Elon’s Terrible, Horrible, No Good, Very Bad Battery Math


In 2007, I interviewed Vaclav Smil by email. I asked the Canadian polymath and prolific author a simple question: why are so many people so easily duped when it comes to discussions about energy and power?

He replied: “There has never been such a depth of scientific illiteracy and basic innumeracy as we see today. Without any physical, chemical, and biological fundamentals, and with equally poor understanding of basic economic forces, it is no wonder that people will believe anything.”

I am reusing that quote from Smil (who is one of my favorite writers on energy and power) because it’s germane to a report published on Wednesday by Tesla Inc. called “Master Plan Part 3: Sustainable Energy for All of Earth.” The 41-page document is the latest in a shelf-full of studies I’ve endured over the past decade or so that have been produced by academics who work at expensive universities like Stanford, Princeton, and Cal-Berkeley.

The studies are packed with elaborate graphics, complicated spreadsheets, and Dallas-size assumptions. And all of them make almost identical claims about how the U.S., or even the entire world, can be powered solely with wind, solar, and batteries, with maybe a lagniappe of nuclear and hydropower on the side. All of them downplay the obvious problems, including the ridiculous amount of land that will be needed, the raging backlash in rural America against the encroachment of big wind and solar projects, the difficulty of building high-voltage transmission, and the need for massive amounts of mining, metals, and magnets to make their schemes work.

In all of those facets, the Tesla paper is familiar. And like the others, it doesn’t contain the word “transformer” even though distribution transformers (and large transformers) are critical pieces of hardware and are in desperately short supply. (See my last piece, “Untransformed.”)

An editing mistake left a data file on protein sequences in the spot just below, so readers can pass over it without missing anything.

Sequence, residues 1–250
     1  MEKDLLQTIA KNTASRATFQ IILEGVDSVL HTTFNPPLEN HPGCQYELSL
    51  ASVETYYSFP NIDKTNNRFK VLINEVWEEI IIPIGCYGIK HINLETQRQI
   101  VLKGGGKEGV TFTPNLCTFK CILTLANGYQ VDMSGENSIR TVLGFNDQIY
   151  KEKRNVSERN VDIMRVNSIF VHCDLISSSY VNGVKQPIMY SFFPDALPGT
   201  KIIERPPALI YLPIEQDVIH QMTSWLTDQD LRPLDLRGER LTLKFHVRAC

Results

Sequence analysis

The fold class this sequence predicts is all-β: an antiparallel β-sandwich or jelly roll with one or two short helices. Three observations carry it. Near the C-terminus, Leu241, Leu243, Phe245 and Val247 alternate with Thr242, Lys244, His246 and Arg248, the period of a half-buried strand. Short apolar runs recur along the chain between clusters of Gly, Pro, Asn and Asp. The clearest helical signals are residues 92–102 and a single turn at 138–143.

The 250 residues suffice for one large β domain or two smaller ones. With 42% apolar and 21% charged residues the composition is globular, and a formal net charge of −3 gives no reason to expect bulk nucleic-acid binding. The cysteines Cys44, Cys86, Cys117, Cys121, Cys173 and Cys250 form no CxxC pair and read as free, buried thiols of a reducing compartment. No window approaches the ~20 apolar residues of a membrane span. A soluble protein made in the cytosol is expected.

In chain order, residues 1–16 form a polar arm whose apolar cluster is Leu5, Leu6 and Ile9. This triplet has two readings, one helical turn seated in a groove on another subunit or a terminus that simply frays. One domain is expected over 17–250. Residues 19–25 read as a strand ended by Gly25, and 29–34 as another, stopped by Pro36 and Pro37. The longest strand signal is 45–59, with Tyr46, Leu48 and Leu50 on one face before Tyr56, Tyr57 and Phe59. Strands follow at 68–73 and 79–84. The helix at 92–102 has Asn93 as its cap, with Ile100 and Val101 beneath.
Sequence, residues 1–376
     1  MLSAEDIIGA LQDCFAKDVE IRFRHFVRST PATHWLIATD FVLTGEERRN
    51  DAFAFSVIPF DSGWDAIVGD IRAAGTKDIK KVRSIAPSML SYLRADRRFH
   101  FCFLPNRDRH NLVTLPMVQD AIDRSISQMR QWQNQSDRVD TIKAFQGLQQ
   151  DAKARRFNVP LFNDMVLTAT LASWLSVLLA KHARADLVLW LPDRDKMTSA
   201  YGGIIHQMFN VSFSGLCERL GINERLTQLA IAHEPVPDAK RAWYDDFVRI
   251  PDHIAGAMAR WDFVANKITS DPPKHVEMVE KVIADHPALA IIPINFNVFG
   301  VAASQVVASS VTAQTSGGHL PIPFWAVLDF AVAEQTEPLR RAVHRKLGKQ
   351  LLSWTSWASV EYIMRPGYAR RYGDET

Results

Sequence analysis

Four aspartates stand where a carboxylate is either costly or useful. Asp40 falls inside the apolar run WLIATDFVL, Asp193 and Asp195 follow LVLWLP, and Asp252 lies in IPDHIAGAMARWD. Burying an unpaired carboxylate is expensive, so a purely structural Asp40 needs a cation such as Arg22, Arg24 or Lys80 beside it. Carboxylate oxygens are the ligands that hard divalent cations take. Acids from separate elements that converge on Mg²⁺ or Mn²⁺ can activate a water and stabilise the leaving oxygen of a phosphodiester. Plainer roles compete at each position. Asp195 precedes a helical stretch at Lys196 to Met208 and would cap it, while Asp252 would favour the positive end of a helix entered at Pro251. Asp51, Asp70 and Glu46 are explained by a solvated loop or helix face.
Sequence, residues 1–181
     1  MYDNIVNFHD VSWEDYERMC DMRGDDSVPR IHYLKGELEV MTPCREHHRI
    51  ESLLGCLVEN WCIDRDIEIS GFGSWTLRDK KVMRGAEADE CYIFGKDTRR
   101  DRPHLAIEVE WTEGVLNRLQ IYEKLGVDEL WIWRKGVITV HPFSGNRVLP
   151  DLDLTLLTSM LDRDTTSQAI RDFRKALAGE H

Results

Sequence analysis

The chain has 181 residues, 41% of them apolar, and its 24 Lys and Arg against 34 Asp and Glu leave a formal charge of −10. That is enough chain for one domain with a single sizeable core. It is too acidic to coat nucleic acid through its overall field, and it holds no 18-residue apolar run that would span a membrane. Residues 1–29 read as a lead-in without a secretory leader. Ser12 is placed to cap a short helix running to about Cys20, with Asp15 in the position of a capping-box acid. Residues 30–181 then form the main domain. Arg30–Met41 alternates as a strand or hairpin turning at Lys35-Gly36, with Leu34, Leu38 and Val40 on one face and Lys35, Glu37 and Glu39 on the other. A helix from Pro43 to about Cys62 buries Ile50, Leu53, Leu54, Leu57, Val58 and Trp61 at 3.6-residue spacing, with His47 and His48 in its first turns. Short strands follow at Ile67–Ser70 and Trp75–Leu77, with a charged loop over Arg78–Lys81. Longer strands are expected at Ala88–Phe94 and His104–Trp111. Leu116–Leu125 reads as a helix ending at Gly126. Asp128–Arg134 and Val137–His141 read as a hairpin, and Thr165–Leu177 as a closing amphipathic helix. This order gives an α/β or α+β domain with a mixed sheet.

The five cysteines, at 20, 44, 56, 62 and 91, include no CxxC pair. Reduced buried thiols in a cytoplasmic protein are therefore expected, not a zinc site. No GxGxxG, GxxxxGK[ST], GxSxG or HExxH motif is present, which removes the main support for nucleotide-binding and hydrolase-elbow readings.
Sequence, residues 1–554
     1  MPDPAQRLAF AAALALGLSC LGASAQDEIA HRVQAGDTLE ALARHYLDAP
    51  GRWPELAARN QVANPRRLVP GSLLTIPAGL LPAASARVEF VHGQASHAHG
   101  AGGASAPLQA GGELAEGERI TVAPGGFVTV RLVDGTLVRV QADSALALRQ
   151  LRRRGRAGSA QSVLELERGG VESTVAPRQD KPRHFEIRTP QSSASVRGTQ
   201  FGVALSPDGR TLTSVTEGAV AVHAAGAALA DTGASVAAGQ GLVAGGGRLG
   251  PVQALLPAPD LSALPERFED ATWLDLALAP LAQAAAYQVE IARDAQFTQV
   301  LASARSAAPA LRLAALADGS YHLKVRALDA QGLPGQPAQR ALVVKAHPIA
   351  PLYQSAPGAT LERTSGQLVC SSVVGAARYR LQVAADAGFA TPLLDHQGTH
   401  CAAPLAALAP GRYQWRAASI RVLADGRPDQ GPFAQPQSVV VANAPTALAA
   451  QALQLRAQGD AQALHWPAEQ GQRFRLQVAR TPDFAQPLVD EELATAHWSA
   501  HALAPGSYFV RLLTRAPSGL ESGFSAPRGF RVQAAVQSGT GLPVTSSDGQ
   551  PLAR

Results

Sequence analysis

Tesla’s Master Plan claims our “current energy economy is wasteful,” and that a “fully electrified and sustainable economy is within reach through the actions in this paper.” Those actions include (again, a familiar list) repowering the grid with renewables, switching to electric vehicles and heat pumps, electrifying high-temperature heat delivery and hydrogen production, sustainably fuel planes and boats, and “manufacture the sustainable energy economy.” Although the paper doesn’t give exact projections, it uses a “20-year horizon” and claims that building the infrastructure for a “sustainable energy economy will cost $10 trillion” while continuing to rely on hydrocarbons will cost, they claim, about $14 trillion.

There’s a peck of other numbers and claims in the scheme, including the ridiculous assumption that 12.2 terawatts of wind energy capacity will require less land than what’s needed for 18.3 terawatts of solar capacity. Further, there’s nothing that helps readers put those numbers into any relevant context.

Read the rest of this piece at Robert Bryce Substack.

Robert Bryce is a Texas-based author, journalist, film producer, and podcaster. His articles have appeared in a myriad of publications including the Wall Street Journal, New York Times, Forbes, Time, Austin Chronicle, and Sydney Morning Herald.

Photo: SMNT via Wikimedia under CC 4.0 License.